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Commentary on the study of transnationalism: pitfalls and promise of an emergent research field

Commentary on the study of transnationalism: pitfalls and promise of an emergent research field ETHNIC AND RACIAL STUDIES, 2017 VOL. 40, NO. 9, 1486–1491 http://dx.doi.org/10.1080/01419870.2017.1308528 40TH ANNIVERSARY SPECIAL ISSUE CLASSIC PAPERS IN CONTEXT A RESPONSE TO JANINE DAHINDEN Commentary on the study of transnationalism: pitfalls and promise of an emergent research field a,b c d Alejandro Portes , Luis Eduardo Guarnizo and Patricia Landolt a b Department of Sociology, Princeton University, Princeton, USA; University of Miami School of Law, Coral Gables, USA; Department of Human Ecology, University of California-Davis, Davis, USA; Department of Sociology, University of Toronto, Toronto, Canada Janine Dahinden has written a thoughtful and provocative commentary on our 1999 article on immigrant transnationalism. We agree with many of her points and even with some of the critiques levelled at the original article. Before com- menting on this, it may be worth recalling where things were back in the 1990s and what our article attempted to accomplish then. The enthusiasm unleashed by Nations Unbound by social anthropologists Basch, Glick-Schiller, and Blanc- Szanton (1994) was followed by a veritable explosion of both qualitative studies and speculative writings leading to the impression that all immigrants were involved in transnational activities and that transnationalism represented a new “paradigm” for the understanding of global phenomena. Our http://www.deepdyve.com/assets/images/DeepDyve-Logo-lg.png Ethnic and Racial Studies Taylor & Francis

Commentary on the study of transnationalism: pitfalls and promise of an emergent research field

Commentary on the study of transnationalism: pitfalls and promise of an emergent research field

Ethnic and Racial Studies , Volume 40 (9): 6 – Jul 15, 2017

Abstract

ETHNIC AND RACIAL STUDIES, 2017 VOL. 40, NO. 9, 1486–1491 http://dx.doi.org/10.1080/01419870.2017.1308528 40TH ANNIVERSARY SPECIAL ISSUE CLASSIC PAPERS IN CONTEXT A RESPONSE TO JANINE DAHINDEN Commentary on the study of transnationalism: pitfalls and promise of an emergent research field a,b c d Alejandro Portes , Luis Eduardo Guarnizo and Patricia Landolt a b Department of Sociology, Princeton University, Princeton, USA; University of Miami School of Law, Coral Gables, USA; Department of Human Ecology, University of California-Davis, Davis, USA; Department of Sociology, University of Toronto, Toronto, Canada Janine Dahinden has written a thoughtful and provocative commentary on our 1999 article on immigrant transnationalism. We agree with many of her points and even with some of the critiques levelled at the original article. Before com- menting on this, it may be worth recalling where things were back in the 1990s and what our article attempted to accomplish then. The enthusiasm unleashed by Nations Unbound by social anthropologists Basch, Glick-Schiller, and Blanc- Szanton (1994) was followed by a veritable explosion of both qualitative studies and speculative writings leading to the impression that all immigrants were involved in transnational activities and that transnationalism represented a new “paradigm” for the understanding of global phenomena. Our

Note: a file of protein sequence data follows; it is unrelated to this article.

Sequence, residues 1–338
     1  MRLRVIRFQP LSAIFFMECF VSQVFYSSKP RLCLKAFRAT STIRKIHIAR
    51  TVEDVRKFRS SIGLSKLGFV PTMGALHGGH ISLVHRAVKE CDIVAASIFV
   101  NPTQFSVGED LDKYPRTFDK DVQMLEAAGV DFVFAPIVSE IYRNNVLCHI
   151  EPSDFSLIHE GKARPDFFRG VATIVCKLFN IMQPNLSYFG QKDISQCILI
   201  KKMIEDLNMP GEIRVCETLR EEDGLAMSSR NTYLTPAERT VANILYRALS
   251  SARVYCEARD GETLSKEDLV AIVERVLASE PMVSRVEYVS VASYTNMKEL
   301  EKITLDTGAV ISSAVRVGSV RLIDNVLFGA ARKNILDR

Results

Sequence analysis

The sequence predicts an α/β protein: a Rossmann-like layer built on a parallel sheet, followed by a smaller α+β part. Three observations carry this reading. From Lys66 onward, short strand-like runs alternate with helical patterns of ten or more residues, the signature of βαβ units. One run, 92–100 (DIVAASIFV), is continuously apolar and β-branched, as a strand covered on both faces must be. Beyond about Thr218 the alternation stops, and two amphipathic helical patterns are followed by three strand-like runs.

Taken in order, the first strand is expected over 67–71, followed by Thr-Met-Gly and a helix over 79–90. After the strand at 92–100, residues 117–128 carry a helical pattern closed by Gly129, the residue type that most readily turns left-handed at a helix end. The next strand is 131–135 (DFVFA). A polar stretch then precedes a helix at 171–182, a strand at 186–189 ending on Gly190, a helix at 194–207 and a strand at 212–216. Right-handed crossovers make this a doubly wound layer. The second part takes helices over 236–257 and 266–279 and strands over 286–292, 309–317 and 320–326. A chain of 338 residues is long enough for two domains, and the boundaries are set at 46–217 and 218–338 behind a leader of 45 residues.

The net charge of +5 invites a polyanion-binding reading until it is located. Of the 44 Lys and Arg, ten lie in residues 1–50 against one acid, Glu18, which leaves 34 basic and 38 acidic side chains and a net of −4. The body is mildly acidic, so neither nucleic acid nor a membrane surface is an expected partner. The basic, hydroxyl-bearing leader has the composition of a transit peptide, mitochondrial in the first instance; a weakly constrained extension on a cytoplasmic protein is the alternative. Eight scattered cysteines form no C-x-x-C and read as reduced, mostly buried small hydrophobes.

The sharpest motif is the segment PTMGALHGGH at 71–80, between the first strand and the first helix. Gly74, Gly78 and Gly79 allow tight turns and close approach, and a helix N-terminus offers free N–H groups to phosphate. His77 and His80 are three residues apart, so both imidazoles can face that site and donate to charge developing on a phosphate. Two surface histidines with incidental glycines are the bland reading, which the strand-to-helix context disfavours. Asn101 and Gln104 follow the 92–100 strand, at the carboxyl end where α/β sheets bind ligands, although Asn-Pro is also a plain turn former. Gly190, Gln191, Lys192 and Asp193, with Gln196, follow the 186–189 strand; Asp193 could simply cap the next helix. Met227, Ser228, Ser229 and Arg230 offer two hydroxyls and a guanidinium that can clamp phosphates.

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References (97)

Publisher
Taylor & Francis
Copyright
© 2017 Informa UK Limited, trading as Taylor & Francis Group
ISSN
1466-4356
eISSN
0141-9870
DOI
10.1080/01419870.2017.1308528
Publisher site
See Article on Publisher Site

Abstract

ETHNIC AND RACIAL STUDIES, 2017 VOL. 40, NO. 9, 1486–1491 http://dx.doi.org/10.1080/01419870.2017.1308528 40TH ANNIVERSARY SPECIAL ISSUE CLASSIC PAPERS IN CONTEXT A RESPONSE TO JANINE DAHINDEN Commentary on the study of transnationalism: pitfalls and promise of an emergent research field a,b c d Alejandro Portes , Luis Eduardo Guarnizo and Patricia Landolt a b Department of Sociology, Princeton University, Princeton, USA; University of Miami School of Law, Coral Gables, USA; Department of Human Ecology, University of California-Davis, Davis, USA; Department of Sociology, University of Toronto, Toronto, Canada Janine Dahinden has written a thoughtful and provocative commentary on our 1999 article on immigrant transnationalism. We agree with many of her points and even with some of the critiques levelled at the original article. Before com- menting on this, it may be worth recalling where things were back in the 1990s and what our article attempted to accomplish then. The enthusiasm unleashed by Nations Unbound by social anthropologists Basch, Glick-Schiller, and Blanc- Szanton (1994) was followed by a veritable explosion of both qualitative studies and speculative writings leading to the impression that all immigrants were involved in transnational activities and that transnationalism represented a new “paradigm” for the understanding of global phenomena. Our

Journal

Ethnic and Racial StudiesTaylor & Francis

Published: Jul 15, 2017

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